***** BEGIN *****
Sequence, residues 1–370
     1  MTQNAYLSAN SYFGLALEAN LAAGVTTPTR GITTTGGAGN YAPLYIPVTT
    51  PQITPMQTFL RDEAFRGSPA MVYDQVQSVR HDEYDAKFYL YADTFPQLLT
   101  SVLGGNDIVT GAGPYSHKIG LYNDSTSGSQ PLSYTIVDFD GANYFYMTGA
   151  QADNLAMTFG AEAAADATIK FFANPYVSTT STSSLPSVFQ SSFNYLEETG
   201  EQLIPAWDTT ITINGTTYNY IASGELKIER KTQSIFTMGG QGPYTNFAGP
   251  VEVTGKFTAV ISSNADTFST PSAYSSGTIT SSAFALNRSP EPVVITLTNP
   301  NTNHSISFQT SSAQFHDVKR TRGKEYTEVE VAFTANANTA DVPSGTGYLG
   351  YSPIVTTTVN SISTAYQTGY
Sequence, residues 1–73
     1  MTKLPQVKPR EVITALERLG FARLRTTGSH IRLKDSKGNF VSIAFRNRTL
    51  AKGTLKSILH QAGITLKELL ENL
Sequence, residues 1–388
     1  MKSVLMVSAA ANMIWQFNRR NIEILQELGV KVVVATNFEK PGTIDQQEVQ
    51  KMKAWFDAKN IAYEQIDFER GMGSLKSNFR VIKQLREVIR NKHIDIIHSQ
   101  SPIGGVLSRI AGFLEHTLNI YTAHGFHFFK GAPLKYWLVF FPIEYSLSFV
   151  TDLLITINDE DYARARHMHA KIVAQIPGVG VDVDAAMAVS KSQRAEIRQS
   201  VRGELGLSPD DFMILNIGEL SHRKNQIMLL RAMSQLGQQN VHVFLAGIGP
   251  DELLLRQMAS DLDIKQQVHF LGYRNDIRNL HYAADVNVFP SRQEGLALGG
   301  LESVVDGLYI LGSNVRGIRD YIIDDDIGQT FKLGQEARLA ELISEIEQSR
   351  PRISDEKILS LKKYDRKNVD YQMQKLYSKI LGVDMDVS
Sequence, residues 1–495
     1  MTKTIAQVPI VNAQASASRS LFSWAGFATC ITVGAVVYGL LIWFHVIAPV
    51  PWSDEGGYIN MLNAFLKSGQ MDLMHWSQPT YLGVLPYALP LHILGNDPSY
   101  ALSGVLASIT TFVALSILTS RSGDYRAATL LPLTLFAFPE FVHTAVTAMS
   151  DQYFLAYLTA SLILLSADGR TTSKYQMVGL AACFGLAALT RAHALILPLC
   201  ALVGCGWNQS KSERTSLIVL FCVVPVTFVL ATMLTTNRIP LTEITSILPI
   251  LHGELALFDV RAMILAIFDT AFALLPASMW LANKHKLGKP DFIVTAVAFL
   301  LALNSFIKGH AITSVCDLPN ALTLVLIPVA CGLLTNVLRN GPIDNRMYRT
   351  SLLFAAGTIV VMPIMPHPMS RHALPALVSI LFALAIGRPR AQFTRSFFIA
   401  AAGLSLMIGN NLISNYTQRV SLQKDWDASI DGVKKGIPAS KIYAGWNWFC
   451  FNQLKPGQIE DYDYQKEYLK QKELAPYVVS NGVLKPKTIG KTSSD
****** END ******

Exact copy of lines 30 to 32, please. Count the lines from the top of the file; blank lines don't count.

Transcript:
   351  SLLFAAGTIV VMPIMPHPMS RHALPALVSI LFALAIGRPR AQFTRSFFIA
   401  AAGLSLMIGN NLISNYTQRV SLQKDWDASI DGVKKGIPAS KIYAGWNWFC
   451  FNQLKPGQIE DYDYQKEYLK QKELAPYVVS NGVLKPKTIG KTSSD